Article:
Categories: Blog

Cops disapprove of free speech in Lakemba

Stuart's blog - Wed, 03/12/2014 - 4:02pm

On Wednesday 24 September, five Sydney anarchists were harassed and intimidated by over 20 cops and banned from Lakemba station for six hours. (Yet they wouldn't allow us to catch a train there to leave the area.) Our crime? Demonstrating solidarity with Muslims in Lakemba.

There was a meeting organised to make placards showing solidarity with Sydney's Muslim community, which was and is feeling the heat. The Abbott regime had announced a heightened terror alert and the capitalist media helped out with sensationalist coverage to induce public paranoia about Islamist terrorist attacks. Abbott had declared ominously that some freedoms will have to be sacrificed for the sakeof security. It was quite alarming.

Those of us with some knowledge of history were reminded perhaps of Hitler's dissolution of parliament following the mysterious burning down of the Reichstag in 1933. "Our country is under attack," was the gist of his declaration at the time. This served to justify in the public mind the introduction of repressive measures. Evil intentions of a mysterious enemy necessitated suspension of democratic freedomslong taken for granted. The slide into outright fascism happens more easily than you might expect.


With these three placards, five of us caught the train to Lakemba via Redfernfrom Newtown, displaying them to the public on the way. As we waited to cross the road to the station two young white guys in a car made Islamophobic comments in response to the messages on our placards.

We were apprehensive going out there on the train but knew we had to act. It was a small gesture but we couldn't sit back and do nothing as Abbott and Co. ramped up the fear factor. They seemed to be hoping and waiting for an atrocity such as a public beheading so that they could swing into action with a big clampdown on everyone's civil liberties and human rights.

After arriving at Lakemba we went and stood beside a small park next to the station. We displayed our 3 signs to the passing traffic and pedestrians. People were looking at us. We attracted a fair bit of attention.The first comment we had was from a young guy passing by, "What's wrong with Muslims?" He'd seen the sign saying 'I'M AFRAID OF...' but perhaps didn't read the whole thing. Hearts sank at the prospect of our message being misunderstood in this atmosphere of tension.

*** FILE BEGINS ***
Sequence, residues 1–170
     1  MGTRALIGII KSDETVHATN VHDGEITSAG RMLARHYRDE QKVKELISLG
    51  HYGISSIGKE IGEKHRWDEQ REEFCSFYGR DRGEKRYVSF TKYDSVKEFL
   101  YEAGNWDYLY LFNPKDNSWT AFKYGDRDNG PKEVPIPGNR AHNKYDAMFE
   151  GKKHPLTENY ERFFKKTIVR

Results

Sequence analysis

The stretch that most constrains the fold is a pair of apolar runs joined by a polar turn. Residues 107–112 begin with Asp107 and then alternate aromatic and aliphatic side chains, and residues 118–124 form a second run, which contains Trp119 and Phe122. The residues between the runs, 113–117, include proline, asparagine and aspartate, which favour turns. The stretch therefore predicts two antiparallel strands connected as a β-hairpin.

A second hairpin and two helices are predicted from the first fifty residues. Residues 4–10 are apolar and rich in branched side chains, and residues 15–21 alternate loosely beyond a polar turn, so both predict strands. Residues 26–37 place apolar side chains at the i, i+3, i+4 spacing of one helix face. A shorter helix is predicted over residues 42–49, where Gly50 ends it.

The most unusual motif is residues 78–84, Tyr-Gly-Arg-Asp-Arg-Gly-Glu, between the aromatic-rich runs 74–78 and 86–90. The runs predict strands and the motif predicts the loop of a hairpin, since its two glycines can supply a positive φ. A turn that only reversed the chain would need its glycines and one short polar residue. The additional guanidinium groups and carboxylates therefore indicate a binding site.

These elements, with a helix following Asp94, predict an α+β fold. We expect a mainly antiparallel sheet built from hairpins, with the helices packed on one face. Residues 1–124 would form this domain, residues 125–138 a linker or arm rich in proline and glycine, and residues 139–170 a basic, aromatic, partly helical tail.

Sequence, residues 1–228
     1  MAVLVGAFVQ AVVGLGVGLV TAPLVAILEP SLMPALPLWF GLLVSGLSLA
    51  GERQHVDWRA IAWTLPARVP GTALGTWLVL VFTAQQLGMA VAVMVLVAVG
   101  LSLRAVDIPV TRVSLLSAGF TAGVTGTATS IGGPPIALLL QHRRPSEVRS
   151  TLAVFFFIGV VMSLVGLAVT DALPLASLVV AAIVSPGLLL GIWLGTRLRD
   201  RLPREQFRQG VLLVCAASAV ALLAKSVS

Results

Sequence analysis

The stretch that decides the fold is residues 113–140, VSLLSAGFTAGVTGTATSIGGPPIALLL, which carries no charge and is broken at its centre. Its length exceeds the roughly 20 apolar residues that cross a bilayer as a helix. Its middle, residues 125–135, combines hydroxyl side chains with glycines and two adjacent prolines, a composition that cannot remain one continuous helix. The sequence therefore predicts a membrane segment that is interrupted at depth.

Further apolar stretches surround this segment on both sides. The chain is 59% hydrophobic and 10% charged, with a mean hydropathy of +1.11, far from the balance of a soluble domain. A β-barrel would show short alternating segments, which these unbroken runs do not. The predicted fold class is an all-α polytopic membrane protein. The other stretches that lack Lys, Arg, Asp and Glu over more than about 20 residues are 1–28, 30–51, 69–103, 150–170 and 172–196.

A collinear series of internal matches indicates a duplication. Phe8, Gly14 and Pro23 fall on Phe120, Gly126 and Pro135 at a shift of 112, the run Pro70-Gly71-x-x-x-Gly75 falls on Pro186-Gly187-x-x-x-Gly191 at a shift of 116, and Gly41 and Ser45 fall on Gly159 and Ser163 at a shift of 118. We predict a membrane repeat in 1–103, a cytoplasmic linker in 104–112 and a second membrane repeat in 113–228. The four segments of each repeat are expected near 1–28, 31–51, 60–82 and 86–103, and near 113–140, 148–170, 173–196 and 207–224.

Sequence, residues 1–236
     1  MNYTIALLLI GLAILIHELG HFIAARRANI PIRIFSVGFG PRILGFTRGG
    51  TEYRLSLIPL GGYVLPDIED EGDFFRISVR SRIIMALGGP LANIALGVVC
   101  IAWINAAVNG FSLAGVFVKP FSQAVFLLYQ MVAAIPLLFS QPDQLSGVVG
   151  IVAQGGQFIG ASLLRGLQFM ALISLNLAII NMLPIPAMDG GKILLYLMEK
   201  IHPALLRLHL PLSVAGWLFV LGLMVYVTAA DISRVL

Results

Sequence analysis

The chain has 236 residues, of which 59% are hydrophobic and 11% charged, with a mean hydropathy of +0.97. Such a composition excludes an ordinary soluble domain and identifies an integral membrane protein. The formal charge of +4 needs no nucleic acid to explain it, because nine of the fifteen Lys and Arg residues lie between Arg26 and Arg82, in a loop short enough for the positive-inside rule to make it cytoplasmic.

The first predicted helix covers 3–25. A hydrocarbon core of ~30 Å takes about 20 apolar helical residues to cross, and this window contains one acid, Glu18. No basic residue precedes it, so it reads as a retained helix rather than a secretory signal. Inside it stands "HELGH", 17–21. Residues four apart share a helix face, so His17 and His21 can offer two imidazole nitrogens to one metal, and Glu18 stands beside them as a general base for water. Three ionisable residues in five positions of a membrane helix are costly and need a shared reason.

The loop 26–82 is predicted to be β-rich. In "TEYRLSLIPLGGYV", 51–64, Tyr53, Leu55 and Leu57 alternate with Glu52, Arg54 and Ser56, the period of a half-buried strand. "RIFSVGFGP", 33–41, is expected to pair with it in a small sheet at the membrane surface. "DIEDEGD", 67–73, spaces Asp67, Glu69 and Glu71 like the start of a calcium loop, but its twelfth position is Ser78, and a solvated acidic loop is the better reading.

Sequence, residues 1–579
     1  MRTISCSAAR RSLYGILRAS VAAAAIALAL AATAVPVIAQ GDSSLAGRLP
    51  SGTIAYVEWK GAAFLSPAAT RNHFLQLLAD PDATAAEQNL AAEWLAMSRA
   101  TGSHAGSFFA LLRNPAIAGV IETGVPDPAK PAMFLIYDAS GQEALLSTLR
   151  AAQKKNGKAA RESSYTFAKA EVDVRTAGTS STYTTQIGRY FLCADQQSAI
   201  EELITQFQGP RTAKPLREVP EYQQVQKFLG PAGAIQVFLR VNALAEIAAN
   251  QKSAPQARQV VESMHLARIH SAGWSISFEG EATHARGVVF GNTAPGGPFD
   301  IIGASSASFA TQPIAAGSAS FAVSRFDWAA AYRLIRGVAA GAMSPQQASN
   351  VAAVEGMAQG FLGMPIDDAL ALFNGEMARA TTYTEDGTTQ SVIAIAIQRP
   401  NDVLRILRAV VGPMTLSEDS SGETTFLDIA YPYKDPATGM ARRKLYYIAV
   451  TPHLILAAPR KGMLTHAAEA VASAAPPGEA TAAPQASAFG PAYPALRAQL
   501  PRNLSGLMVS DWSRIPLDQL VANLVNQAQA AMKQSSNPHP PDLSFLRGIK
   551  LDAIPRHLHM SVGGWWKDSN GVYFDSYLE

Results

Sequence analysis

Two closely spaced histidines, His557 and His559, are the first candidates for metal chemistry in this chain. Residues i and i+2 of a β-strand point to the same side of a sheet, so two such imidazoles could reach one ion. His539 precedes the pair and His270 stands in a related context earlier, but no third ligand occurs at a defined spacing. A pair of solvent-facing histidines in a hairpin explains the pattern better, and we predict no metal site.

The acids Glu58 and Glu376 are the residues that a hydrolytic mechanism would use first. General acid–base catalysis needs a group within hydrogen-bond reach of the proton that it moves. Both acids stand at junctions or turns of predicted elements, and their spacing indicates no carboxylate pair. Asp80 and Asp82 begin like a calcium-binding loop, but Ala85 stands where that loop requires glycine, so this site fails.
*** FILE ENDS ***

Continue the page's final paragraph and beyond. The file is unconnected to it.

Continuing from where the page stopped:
We felt conspicuous. We walked around the corner into the shopping precinct of Haldon St. People read our signs and took photos. We founda new position on the footpath and stayed there for perhaps 20 minutes or half an hour, facing the road and showing our signs. Two young men drove past in a car. "THAT'S what I'm talking about!!" exclaimed oneafter reading the H8 COPS NOT MUSLIMS sign.

A couple of people came up and thanked us. One even said we'd made his day. We gained confidence as we realised that people understood ourmessage and appreciated the support.

One 'respectable-looking' local community member, perhaps a small businessperson, opened up to us. He told us that his wife was eighth generation Australian but he'd suggested she stay home today as she wore a Muslim head covering. I started to realise the pressure people in Lakemba had been under and Muslims in Australia generally, after the recent well-publicised raids on the homes of Muslims by a federal government that denied it was feeding public prejudice against Muslims.  When in actual fact that is exactly what it's been doing.

The guy who'd organised the protest did a spiel on camera, explaining why we were there. He was filmed by another member of our group. I talked too and was filmed. The protest organiser conducted a short interview with the member of the Lakemba community who had approached us. I believe all this footage was to be put on youtube.

We wound up our protest and went to a nearby restaurant to buy some takeaway falafel rolls for a late lunch. People were friendly towards us, and appreciative once they realised we were on their side, not the government's.

Eating our falafel rolls (delicious!) we returned to the station. Turned out we had only nine minutes to wait for our train back toNewtown. All of a sudden I caught sight of five or six uniformed police approaching. Uh oh. I realised they wouldn't like our signs. Especially the one that said H8 COPS NOT MUSLIMS. Nevertheless I wasconfident that there was nothing they could do to us as we'd done nothing wrong or illegal. We had merely exercised our right to free speech.

The cops surrounded us, harassing and intimidating us, particularly the woman with the H8 COPS sign. She defended herself well, explaining that she was a Muslim. The police were angry. They spoke of the young Muslim man who'd stabbed 2 police officers before being shot dead inMelbourne the night before. One of them told us we should be gratefulto be living in this beautiful country. We certainly weren't gratefulfor the harassment!

There was heated argument. A member of the public, possibly a Muslim, came to our aid on the station platform. One of the cops asked the manwhether he needed any help, trying to intimidate him and drive him away. But the man stood his ground and remained among us, exercising his right to observe the public debate.